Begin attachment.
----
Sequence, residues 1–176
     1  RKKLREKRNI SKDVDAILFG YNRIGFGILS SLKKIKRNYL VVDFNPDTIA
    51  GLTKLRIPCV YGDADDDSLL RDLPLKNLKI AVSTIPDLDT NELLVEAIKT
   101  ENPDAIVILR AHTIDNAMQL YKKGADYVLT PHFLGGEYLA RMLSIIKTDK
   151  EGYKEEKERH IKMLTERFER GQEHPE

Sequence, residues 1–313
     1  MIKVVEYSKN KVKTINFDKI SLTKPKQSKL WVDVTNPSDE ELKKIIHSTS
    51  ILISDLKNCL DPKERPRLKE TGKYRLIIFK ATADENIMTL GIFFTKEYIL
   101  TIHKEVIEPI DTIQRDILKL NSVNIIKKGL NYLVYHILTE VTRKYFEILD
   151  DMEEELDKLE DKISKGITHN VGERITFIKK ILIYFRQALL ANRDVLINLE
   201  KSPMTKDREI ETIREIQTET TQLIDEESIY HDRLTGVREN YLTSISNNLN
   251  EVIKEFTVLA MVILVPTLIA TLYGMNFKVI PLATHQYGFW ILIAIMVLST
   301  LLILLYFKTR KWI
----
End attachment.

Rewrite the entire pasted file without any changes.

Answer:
Sequence, residues 1–176
     1  RKKLREKRNI SKDVDAILFG YNRIGFGILS SLKKIKRNYL VVDFNPDTIA
    51  GLTKLRIPCV YGDADDDSLL RDLPLKNLKI AVSTIPDLDT NELLVEAIKT
   101  ENPDAIVILR AHTIDNAMQL YKKGADYVLT PHFLGGEYLA RMLSIIKTDK
   151  EGYKEEKERH IKMLTERFER GQEHPE

Sequence, residues 1–313
     1  MIKVVEYSKN KVKTINFDKI SLTKPKQSKL WVDVTNPSDE ELKKIIHSTS
    51  ILISDLKNCL DPKERPRLKE TGKYRLIIFK ATADENIMTL GIFFTKEYIL
   101  TIHKEVIEPI DTIQRDILKL NSVNIIKKGL NYLVYHILTE VTRKYFEILD
   151  DMEEELDKLE DKISKGITHN VGERITFIKK ILIYFRQALL ANRDVLINLE
   201  KSPMTKDREI ETIREIQTET TQLIDEESIY HDRLTGVREN YLTSISNNLN
   251  EVIKEFTVLA MVILVPTLIA TLYGMNFKVI PLATHQYGFW ILIAIMVLST
   301  LLILLYFKTR KWI